ITHACA, N.Y.–(BUSINESS WIRE)–COVID-19 pandemic models designed to anticipate the need for medical resources including ICU hospital beds have overestimated the needs across the nation. A Louisiana Department of Health and Hospitals program manager uses Palisade’s @RISK decision support software to guide policy decisions with data probabilities that more accurately predict and align with what hospitals are experiencing.
Overestimates are rooted in uncertainty – unknown variables. Henry Yennie serves as a program manager for the Louisiana Department of Health and Hospitals. He supports the public health department for emergency planning and response. Yennie has relied on @RISK’s Monte Carlo simulations since Hurricane Katrina in 2005.
Yennie said that deterministic models based on “uncertain” variables have produced similar overestimates. Probabilistic, or stochastic, models from @RISK examine a range of possible outcomes and how likely each is to occur. He said deterministic “give me a number” models have been wildly inaccurate during the pandemic, sometimes by a factor of 10 or more.
“Some of these same models forecasted tens of thousands or more than 100,000 fatalities. @RISK estimated 90 percent probability range of 2,700 to 3,800 fatalities, which has proven to be aligned with what we are experiencing,” Yennie said. “I just quit paying attention to those other models.” Yennie worked with Palisade’s Custom Development team to build a model platform using @RISK and other products within the DecisionTools Suite following Hurricane Katrina. “The models have become key pieces of data our team provides to department and state leadership,” Yennie said.
Danger of “Give Me the Number”
While helping to support a statewide hospital evacuation plan in the aftermath of Katrina to prepare for the next crisis, Yennie witnessed how a “give me a number” approach from deterministic modeling can stray from actual results.
Chasing “give me the number” produced an estimate that became embedded in the institution and all evacuation plans. The methodology in the underlying assumptions, including overestimates, were forgotten but the final number remained. He said “the number” is dangerous because it leads to complacency in its acceptance that shapes important decisions.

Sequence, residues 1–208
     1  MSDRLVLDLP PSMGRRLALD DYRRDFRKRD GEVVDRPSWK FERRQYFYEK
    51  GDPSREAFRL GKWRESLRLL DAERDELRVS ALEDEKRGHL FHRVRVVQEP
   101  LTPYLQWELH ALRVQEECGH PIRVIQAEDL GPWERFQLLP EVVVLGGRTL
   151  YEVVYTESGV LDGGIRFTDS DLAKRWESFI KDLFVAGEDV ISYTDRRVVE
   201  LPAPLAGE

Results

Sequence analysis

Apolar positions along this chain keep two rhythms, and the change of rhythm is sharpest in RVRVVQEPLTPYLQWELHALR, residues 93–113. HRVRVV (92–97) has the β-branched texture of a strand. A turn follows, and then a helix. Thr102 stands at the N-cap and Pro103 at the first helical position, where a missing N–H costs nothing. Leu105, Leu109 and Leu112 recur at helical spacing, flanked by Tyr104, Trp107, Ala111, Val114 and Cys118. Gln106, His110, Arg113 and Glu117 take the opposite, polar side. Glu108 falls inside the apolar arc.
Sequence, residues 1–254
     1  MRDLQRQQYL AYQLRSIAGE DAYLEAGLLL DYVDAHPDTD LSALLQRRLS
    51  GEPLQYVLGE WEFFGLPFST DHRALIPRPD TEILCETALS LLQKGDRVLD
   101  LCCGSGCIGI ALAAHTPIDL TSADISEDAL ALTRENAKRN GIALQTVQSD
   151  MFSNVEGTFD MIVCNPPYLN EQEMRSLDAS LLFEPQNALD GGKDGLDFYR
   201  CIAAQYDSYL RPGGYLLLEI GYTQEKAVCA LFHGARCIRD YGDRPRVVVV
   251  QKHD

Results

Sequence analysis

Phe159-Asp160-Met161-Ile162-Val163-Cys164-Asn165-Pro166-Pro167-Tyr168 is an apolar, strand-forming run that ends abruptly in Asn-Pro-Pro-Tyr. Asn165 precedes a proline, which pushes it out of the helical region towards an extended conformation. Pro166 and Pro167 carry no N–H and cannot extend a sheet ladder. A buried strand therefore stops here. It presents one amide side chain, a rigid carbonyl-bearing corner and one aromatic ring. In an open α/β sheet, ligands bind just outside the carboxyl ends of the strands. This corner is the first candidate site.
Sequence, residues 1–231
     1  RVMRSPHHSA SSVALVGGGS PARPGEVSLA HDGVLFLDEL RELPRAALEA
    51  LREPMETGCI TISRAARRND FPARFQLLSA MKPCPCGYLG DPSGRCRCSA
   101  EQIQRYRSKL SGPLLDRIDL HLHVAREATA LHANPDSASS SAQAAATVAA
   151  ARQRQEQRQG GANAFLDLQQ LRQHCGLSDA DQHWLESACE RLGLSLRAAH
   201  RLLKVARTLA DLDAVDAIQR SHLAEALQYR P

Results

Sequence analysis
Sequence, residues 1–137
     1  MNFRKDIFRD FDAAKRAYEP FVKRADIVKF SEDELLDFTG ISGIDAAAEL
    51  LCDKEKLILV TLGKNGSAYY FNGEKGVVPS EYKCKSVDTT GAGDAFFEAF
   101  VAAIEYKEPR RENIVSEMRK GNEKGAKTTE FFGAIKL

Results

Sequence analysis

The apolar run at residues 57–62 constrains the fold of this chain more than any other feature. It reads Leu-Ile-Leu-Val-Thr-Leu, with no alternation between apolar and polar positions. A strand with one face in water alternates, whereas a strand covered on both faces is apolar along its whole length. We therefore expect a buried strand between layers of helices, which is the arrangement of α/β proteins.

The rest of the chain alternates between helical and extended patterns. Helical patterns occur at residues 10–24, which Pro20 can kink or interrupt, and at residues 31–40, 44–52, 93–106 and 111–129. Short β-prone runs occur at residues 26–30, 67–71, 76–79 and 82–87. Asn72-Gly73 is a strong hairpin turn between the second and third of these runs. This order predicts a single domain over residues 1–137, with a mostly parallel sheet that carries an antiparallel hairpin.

“That was a defining moment for me in emergency management. I am not a statistician. One of things that attracted me to @RISK is that it is powerful tool for any level user,” Yennie said. “It gives us the capability to create models that can lend credibility to what we are asked to do.”
Following Hurricane Katrina, more than 13,000 missing persons were reported. “We were able to use Neural Tools to forecast and focus recovery teams on missing people who were likely still alive. Overall, we were over 92 percent successful in those estimates using these tools,” Yennie said.
Healthcare Risk Analysis
The healthcare industry is providing better management of resources and improving clinical performance. Prior to the COVID pandemic, a team from the Johns Hopkins Center for Health Security and representatives of the Mayo Clinic used @RISK to calculate pandemic supply needs based on operational considerations in hospitals.
Three years after Katrina, Yennie and his team used the @RISK model to estimate fuel needs for hospital generators – a problem that became apparent after Hurricane Gustav, which left hospitals without electricity, in some cases for weeks. “We were getting calls 24 hours a day, including one hospital that said they needed fuel in the next hour or children will die,” he said. The @RISK model allows for managing resources and prioritizing fuel needs to keep hospitals operational.
“In world of emergency preparedness, we seriously have to avoid the danger of locking in to ‘give me a number’ approaches,” Yennie said. “I need a range of probabilities that I can start with and plan downstream from there. The true scope of the challenge is difficult to look at if we are not using probabilistic methods.”
Click here to read the full article on Henry Yennie’s pandemic modeling in Emergency Management magazine. In addition, an on-demand version of his webinar “Emergency Preparedness Planning Before and During a Crisis” can be viewed here. Due to popular demand, Yennie will also be doing an additional pandemic planning webinar for the Florida Society of Healthcare Risk Management and Patient Safety on October 16th at 12:00PM EDT. For more details or to register, please click here.
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